"no one worked harder to blow up the 1994 agreement under which North Korea's plutonium program was frozen for nearly eight years in exchange for heavy fuel oil and other assistance. The collapse of that agreement helped bring us to the crisis today, where North Korea is believed to have 20 or more nuclear weapons."

Wow. Could we start by setting the record straight? It wasn't Bolton who blew up the 1994 Agreed Framework with North Korea. It was North Korea's totalitarian regime, which used the lavish U.S. aid to fortify its grip on power, and, in cahoots with Pakistan's A.Q. Khan nuclear proliferation network, cheated on the 1994 nuclear deal to such an extent that by the time President Clinton was preparing to leave office, he was unable to certify to Congress that Pyongyang was in compliance.

The truth here is not that Bolton disdains either diplomacy or arms control, but that he has displayed over the years a profound and salutary dislike for arms deals designed and sold on premises so faulty that they don't work. He favors peace through strength over deceptive promises based on paper.

Bolton's is also an accomplished and seasoned diplomat — if we define diplomacy not as the art of piling up empty promises, but as the business of navigating both the U.S. bureaucracy and the interests of our allies and enemies to get real results. He stands accused by the New York Times editorial board of having "maligned" the United Nations; I'd say his criticisms of the UN were right on target, a warning about the folly of relying on the UN, and an honest and important service to the American public (whose taxes pay the biggest share of the UN's bills). And if you look past the media hysterics and focus on the record, the bottom line is that Bolton in his diplomatic dealings with the UN has been highly effective. In 1991, while working at the State Department, Bolton was the prime mover behind the astounding feat of persuading the General Assembly to repeal its 1975 resolution equating Zionism with racism.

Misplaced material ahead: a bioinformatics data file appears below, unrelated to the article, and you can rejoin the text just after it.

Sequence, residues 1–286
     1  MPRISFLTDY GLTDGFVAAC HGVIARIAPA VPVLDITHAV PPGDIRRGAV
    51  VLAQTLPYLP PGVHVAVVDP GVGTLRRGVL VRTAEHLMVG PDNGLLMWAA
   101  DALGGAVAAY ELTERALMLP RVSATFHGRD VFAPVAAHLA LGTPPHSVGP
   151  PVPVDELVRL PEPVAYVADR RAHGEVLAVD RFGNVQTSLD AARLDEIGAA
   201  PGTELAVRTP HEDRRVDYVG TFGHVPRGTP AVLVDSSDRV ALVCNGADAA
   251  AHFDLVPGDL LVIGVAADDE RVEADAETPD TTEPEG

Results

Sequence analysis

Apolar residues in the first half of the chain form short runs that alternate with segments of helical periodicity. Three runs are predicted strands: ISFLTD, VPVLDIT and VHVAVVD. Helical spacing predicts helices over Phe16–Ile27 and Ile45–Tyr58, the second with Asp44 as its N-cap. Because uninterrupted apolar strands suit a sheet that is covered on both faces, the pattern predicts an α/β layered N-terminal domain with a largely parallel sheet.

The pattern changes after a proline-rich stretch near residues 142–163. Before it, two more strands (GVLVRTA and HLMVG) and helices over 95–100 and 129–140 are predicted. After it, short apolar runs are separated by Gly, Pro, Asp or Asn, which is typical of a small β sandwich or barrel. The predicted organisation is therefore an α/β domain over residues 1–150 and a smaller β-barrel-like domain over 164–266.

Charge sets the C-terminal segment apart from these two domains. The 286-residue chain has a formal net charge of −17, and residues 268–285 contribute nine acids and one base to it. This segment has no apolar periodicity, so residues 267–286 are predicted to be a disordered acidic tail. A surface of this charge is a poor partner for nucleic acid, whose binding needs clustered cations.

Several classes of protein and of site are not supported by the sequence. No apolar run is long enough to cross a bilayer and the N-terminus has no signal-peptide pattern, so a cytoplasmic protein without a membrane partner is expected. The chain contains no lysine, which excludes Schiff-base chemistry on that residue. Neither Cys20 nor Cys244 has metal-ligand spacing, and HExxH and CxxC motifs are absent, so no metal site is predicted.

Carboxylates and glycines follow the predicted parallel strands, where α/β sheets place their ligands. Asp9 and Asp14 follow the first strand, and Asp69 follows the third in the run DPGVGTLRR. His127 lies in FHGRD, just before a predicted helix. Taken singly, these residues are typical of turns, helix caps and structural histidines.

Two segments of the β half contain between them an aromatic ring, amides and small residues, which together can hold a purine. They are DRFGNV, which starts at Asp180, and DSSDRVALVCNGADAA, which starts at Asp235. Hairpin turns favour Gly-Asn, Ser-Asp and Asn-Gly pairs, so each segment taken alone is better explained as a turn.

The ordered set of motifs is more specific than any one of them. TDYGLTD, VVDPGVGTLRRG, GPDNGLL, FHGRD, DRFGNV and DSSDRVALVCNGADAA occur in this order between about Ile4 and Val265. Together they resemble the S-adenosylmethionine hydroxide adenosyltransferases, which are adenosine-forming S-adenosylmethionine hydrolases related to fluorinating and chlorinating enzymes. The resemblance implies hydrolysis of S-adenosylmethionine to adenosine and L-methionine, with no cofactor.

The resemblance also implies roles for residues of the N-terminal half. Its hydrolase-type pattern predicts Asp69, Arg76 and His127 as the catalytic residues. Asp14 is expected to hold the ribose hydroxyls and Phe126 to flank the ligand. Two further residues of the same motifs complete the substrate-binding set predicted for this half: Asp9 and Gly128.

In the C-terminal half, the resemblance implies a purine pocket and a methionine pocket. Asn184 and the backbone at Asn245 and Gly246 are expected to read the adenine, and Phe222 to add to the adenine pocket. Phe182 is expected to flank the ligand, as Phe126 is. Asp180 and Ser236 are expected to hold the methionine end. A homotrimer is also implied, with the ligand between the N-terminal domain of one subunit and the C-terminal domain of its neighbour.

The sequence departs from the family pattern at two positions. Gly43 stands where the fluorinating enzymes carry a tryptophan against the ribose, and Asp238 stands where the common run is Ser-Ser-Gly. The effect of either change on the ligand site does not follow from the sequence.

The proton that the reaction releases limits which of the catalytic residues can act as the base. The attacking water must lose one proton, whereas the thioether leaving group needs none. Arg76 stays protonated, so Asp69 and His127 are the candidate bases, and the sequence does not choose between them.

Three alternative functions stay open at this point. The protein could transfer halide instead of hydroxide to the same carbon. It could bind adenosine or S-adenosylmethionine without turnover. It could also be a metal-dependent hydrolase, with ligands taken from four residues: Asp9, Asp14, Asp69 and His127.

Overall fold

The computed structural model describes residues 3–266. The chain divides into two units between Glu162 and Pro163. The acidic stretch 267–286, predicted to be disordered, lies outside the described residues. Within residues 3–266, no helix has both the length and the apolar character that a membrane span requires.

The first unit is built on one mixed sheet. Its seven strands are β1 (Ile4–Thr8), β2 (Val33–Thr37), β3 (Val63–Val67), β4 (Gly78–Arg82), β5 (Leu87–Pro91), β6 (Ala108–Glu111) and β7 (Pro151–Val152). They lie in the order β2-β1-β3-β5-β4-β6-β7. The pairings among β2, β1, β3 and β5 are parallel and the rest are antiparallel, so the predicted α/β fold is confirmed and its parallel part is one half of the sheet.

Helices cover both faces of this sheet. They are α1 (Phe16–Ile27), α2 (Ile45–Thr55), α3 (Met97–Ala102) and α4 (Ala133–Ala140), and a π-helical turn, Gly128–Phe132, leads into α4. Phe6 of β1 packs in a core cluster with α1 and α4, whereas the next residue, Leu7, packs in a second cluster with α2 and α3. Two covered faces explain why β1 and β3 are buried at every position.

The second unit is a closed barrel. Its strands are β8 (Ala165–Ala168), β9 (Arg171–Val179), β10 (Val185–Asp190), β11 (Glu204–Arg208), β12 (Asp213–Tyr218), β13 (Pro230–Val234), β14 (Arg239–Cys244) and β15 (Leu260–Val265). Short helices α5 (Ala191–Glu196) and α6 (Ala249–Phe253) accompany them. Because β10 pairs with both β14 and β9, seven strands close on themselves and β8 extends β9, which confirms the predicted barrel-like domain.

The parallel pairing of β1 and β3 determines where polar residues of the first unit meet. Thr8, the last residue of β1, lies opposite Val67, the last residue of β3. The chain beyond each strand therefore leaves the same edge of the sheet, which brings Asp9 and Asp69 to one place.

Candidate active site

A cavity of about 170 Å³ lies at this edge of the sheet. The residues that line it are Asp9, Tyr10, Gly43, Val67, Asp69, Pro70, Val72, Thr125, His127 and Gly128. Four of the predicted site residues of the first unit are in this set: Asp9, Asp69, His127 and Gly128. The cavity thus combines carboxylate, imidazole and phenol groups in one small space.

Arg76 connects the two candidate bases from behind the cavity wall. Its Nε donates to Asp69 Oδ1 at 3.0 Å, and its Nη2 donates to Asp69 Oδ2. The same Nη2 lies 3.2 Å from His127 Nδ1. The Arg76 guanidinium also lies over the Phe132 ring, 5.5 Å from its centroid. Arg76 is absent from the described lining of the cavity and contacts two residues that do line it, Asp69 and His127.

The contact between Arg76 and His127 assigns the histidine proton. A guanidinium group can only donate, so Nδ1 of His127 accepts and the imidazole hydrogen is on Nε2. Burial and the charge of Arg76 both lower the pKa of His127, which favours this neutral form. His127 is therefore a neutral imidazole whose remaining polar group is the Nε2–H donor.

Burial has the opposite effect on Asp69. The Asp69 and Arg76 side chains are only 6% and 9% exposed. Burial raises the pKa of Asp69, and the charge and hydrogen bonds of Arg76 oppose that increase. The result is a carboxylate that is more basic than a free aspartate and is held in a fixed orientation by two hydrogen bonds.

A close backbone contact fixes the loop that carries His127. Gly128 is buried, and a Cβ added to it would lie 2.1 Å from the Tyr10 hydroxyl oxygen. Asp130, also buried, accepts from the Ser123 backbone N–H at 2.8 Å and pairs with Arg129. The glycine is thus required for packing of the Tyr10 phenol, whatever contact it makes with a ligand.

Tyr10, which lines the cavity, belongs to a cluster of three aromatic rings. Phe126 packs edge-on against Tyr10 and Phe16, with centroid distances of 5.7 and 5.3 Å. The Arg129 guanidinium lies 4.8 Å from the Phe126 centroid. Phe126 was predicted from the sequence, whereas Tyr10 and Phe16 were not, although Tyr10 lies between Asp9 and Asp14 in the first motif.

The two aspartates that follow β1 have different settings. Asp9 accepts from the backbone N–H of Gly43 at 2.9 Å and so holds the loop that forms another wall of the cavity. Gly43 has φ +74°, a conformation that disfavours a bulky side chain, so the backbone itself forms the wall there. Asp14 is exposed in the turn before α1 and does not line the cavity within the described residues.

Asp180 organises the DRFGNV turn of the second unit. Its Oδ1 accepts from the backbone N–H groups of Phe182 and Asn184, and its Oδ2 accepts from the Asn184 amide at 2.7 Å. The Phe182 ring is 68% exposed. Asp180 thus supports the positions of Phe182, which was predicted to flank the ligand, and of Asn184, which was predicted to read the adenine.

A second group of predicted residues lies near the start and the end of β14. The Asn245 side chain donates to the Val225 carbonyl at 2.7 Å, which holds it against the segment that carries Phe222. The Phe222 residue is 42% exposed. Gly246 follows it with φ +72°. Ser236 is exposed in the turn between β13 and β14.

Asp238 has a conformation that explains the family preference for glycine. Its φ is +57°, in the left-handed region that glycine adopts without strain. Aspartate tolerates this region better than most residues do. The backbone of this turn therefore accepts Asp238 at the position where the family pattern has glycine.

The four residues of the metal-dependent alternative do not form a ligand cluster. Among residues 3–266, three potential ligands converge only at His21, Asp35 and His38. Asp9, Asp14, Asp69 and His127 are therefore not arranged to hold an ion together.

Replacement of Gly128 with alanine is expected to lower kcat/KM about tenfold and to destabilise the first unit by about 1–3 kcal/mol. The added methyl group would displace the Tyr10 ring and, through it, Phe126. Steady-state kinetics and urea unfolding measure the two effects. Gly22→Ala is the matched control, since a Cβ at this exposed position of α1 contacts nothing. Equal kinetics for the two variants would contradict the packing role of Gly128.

As ambassador to the UN, from 2005-2006, he shepherded to the Security Council the first in what became the twin stacks of resolutions aimed at stopping Iran's and North Korea's rogue nuclear programs. While the UN has failed to stop North Korea, and currently serves as the umbrella for the Obama-blessed nuclear deal that effectively ushers Iran toward the bomb, it is simply false to suggest that Bolton has no tolerance for diplomacy. An accurate accounting is that he has a healthy preference for diplomacy that is grounded in reality, viable in its goals and beneficial to the U.S. and its allies.